"A U.S.-based rare earth supply chain could boost clean energy and electric vehicles — and military weapons."
"In arid southeastern California, just across the border from Nevada, sits the only large-scale rare earth element mine in the Western Hemisphere. Here at Mountain Pass, rocks are dug out of a 1,300-foot pit in the ground, crushed, and liquified into a concentrated soup of metals that are essential for the magnets inside consumer electronics, wind turbines, and electric vehicles, or EVs.* Today, that metallic soup is shipped to China, where individual rare earths are separated before being refined into metals and forged into magnets. But MP Materials, the company that took ownership of the 70 year-old Mountain Pass mine in 2017, hopes to change that. This quarter, MP Materials plans to begin separating rare earths at Mountain Pass — the first time this key processing step will have occurred in the United States since 2015.
MP Materials says that the new U.S.-based rare earth supply chain it is building will be greener than its counterparts in Asia, where the mining and processing of rare earths have created nightmarish pollution problems. Some of its domestically processed rare earths will be used to make alloys and magnets for EVs, and others could help renewables developers build the wind turbines the U.S. desperately needs to decarbonize its power sector. MP Materials’ rare earths could also get used in everything from smartphones to military weapons like drones and missiles.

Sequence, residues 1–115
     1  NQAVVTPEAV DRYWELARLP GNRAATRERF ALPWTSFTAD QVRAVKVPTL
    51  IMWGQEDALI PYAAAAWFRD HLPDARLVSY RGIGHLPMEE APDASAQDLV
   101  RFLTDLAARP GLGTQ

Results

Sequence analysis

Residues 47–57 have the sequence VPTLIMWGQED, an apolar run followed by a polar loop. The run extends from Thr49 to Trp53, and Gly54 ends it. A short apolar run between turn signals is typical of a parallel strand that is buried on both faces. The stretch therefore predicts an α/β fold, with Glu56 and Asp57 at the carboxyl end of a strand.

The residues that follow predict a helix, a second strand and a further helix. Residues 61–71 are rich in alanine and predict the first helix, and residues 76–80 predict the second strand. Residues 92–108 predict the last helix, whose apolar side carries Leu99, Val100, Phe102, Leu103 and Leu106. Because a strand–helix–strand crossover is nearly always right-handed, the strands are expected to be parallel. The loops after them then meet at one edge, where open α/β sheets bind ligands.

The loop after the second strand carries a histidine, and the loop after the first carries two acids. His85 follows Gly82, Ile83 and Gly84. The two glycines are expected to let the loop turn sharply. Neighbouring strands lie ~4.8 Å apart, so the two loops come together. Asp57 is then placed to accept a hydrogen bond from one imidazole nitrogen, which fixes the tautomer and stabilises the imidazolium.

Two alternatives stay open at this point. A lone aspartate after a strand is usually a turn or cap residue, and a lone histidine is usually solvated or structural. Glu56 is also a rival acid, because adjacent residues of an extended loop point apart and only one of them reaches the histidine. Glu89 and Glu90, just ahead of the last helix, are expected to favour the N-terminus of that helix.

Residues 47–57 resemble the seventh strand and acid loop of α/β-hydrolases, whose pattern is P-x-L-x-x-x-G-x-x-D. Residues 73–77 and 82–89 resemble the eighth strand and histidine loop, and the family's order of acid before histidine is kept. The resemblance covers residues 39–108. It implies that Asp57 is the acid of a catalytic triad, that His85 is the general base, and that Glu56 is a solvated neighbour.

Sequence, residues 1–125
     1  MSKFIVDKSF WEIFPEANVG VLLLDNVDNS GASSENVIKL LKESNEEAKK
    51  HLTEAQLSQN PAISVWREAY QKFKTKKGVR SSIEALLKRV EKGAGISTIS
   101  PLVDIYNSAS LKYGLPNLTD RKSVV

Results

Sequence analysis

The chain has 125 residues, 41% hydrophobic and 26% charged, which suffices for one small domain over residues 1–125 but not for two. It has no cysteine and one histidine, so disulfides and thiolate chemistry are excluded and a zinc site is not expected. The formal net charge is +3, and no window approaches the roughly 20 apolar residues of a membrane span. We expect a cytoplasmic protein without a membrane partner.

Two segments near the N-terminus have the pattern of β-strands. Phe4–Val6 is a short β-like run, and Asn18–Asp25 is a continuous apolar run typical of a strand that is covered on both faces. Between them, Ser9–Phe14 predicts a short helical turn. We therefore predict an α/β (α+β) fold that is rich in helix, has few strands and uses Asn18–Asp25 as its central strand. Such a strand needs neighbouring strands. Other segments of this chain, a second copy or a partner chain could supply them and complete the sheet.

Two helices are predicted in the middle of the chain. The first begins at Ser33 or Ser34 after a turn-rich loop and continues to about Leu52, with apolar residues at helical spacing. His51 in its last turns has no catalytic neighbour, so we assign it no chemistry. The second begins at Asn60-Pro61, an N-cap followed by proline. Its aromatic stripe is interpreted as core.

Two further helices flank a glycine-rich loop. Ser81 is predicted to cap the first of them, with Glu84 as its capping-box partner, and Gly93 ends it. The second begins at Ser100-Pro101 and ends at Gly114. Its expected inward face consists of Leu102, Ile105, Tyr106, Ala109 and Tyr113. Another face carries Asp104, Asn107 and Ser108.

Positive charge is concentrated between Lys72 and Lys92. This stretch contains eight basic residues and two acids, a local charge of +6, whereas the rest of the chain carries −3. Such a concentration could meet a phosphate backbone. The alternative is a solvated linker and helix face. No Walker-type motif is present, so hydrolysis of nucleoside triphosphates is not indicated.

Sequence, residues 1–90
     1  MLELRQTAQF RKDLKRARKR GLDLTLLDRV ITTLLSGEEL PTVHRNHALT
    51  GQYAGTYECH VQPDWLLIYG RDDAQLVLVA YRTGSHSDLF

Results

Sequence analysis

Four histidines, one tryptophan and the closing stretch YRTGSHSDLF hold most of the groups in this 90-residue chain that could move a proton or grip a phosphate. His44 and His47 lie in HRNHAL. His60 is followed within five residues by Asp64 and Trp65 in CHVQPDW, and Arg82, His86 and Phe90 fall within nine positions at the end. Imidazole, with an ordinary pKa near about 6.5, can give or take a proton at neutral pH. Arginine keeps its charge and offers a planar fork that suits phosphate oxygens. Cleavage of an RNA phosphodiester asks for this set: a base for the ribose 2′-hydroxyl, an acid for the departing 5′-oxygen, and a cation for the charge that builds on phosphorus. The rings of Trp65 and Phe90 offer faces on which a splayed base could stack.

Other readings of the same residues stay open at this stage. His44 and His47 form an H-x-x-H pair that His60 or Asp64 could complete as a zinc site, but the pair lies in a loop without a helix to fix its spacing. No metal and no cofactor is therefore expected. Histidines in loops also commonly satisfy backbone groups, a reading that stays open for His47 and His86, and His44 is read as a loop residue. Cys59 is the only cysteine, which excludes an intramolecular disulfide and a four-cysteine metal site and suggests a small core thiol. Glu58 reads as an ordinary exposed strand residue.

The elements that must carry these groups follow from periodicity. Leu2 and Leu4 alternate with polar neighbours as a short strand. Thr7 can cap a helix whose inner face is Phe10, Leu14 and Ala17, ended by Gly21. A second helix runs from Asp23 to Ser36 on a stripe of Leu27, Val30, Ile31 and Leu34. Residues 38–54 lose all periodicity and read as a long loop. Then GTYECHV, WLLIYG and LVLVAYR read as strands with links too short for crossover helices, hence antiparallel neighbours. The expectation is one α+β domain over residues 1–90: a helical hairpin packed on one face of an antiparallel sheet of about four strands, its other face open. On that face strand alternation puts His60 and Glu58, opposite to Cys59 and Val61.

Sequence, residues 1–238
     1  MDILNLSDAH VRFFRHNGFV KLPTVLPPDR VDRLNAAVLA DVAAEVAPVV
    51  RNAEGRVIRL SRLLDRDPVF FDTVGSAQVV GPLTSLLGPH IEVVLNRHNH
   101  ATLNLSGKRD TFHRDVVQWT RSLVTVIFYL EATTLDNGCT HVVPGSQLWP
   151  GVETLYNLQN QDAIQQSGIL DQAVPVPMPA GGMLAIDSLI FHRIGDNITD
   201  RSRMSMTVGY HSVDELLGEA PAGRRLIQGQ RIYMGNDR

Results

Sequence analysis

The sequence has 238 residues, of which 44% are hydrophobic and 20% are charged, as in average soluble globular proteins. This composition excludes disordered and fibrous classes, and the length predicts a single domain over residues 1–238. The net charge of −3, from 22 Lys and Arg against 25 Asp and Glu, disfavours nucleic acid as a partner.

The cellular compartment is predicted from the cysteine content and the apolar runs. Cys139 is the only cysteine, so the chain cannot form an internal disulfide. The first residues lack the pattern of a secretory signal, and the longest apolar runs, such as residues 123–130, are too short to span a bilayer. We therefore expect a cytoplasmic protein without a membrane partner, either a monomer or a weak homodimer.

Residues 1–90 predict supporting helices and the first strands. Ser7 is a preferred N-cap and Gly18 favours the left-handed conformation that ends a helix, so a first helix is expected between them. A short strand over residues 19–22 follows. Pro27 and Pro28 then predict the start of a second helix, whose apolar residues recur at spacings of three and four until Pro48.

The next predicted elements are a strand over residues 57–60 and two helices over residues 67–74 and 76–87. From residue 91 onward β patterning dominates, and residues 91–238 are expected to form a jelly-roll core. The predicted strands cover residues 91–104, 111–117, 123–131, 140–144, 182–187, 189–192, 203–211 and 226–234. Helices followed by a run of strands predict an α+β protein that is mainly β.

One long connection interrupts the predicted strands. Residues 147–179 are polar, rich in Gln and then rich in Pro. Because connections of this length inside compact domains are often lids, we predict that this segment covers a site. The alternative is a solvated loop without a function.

Julie Klinger, a geographer at the University of Delaware who studies the global rare earth industry, said MP Materials’ new processing capabilities have the potential to be a “best-case scenario in terms of diversifying the global supply chain and also doing so in a comparably robust regulatory environment.” However, Klinger cautioned that from a sustainability perspective, it’s important to minimize new mining overall. That could mean prioritizing the use of rare earths in clean energy versus military applications, or dramatically ramping up rare earth recycling, an industry still in its infancy."